FINDING THE RIGHT APPROACH TO MAKING THE 11TH FILM IN THE FRANCHISE
"The storytelling is a continuation to the first movie, but there's a lot of nods in the movie to the other nine movies. I think the trick with making a sequel is making it feel original and entertaining to fans who've never seen a Halloween movie before, but also having it share enough DNA with the first movie so there's a reason to call it Halloween, and so that fans who've seen all other ten movies are also satisfied.
The way that we approached that was to get John and Jamie involved — Jamie not just as an actress, but as an executive producer. So getting them involved as creative sources in the mix — and then add the new generation, which is David and Danny, who are very super talented guys in their own right but have never done a Halloween movie before. I really thought that by mixing those four creative forces together, you really get the best of both worlds. And I really think that they achieved it, so I'm very proud of that."
WHERE BLUM FINDS HIS SCARES
"I like to define the work that Blumhouse Productions does through the lens of what scares us. Clearly, mostly that's horror movies, but that isn't all that scares us. There's nothing scarier, certainly to me, than the Klu Klux Klan, and that's what BlacKkKlansman is about. Sharp Objects is not horror, but it's a clearly super dark-themed subject matter about a psychotic, overbearing mother.
And even Whiplash — to me, these movies squarely fit under the umbrella of what scares us. That's what I look for — first and foremost, things that are great, but I like them to fit under the moniker of what's scary to us, and what's scary to me."
HIS PART IN RESTORING HORROR TO GREATER MAINSTREAM PROMINENCE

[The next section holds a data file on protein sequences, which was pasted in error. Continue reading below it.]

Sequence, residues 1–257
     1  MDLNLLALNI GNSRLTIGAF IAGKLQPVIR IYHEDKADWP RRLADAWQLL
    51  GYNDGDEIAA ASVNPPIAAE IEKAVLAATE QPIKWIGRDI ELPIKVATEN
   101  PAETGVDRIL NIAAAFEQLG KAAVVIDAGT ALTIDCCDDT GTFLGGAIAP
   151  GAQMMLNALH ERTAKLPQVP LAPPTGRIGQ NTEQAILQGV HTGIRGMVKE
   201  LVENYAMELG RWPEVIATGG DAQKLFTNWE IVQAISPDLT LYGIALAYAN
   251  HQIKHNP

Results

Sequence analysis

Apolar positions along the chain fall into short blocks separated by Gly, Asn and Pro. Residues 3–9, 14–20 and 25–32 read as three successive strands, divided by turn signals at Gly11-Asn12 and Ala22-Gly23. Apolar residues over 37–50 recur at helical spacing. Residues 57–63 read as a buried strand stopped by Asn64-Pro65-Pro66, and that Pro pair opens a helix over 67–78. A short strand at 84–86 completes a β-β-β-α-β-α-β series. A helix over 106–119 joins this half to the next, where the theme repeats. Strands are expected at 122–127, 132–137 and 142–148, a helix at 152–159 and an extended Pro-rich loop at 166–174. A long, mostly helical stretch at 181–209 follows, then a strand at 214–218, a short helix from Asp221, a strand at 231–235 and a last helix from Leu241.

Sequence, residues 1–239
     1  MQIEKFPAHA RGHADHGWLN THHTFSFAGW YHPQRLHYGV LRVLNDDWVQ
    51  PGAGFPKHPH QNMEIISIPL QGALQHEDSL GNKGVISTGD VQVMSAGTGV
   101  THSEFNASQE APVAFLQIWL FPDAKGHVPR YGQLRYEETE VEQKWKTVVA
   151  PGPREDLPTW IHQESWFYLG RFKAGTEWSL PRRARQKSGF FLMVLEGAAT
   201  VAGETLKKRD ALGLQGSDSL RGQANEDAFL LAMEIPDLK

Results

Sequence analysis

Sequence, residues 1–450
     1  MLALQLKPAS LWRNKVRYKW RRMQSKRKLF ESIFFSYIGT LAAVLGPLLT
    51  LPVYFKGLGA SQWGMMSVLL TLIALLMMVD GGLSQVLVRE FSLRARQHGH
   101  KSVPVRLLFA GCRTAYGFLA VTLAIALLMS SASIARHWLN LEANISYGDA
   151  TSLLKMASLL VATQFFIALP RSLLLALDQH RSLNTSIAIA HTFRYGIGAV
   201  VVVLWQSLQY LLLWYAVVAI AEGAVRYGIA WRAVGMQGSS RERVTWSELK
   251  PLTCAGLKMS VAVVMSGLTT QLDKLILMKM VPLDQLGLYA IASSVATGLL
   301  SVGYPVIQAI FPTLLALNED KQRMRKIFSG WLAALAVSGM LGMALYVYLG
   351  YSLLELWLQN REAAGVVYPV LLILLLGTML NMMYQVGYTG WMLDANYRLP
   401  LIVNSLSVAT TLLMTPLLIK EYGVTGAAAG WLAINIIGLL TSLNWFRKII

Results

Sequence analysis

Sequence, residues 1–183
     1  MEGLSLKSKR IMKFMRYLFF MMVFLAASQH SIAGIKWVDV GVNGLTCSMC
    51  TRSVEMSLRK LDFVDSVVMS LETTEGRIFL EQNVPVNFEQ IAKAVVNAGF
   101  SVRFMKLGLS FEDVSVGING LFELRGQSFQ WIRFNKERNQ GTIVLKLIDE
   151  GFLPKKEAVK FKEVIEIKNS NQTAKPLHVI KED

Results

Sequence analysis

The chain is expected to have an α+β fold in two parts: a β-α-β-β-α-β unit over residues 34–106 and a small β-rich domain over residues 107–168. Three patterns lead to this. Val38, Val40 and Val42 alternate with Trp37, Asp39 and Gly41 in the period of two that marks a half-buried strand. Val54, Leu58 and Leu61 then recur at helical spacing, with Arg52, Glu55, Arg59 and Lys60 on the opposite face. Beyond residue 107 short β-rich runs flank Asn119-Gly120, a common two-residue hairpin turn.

"I think our approach to the way that we make these movies has resulted in horror being more in vogue. I think there are directors who would have never done horror movies, who are now looking at horror as a way to reach young people through movies in a movie theatre — and to get what they want to say out to younger audience.
But I think the thing that did the most for it was kind of the Academy's recognition of Get Out. That changed people's idea of what horror can be currently. Horror goes in and out of fashion, and has since the beginning of cinema, but I think right now it's getting more and more in fashion — and if I think there's one biggest reason, I would say it is because of Get Out."
"I think we kind of have a unique way that we approach filmmaking, and I think it pays off. I think that cynical people approach horror movies by reverse engineering — they think about what should the scares be, and then figure out the story after that. We do it the opposite way. I really impress upon the executives at the company and the filmmakers we work with to be storytellers first and scary movie makers second, and I think as a result of that the movies are much more scary."
SO, DOES HE HAVE PLANS TO RESURRECT OTHER HORROR ICONS?
"I'd love to resurrect Friday the 13th. I have a pretty specific idea about it, but I haven't tried yet. I'm waiting for Halloween to come out, but after Halloween comes out I'm going to talk to the rights holders of Friday the 13th and see if I can talk them into it."
Halloween is in cinemas now. Read our full review here.
Top image: Alex J. Berliner, ABImages.
Concrete Playground Trips
Book unique getaways and adventures dreamed up by our editors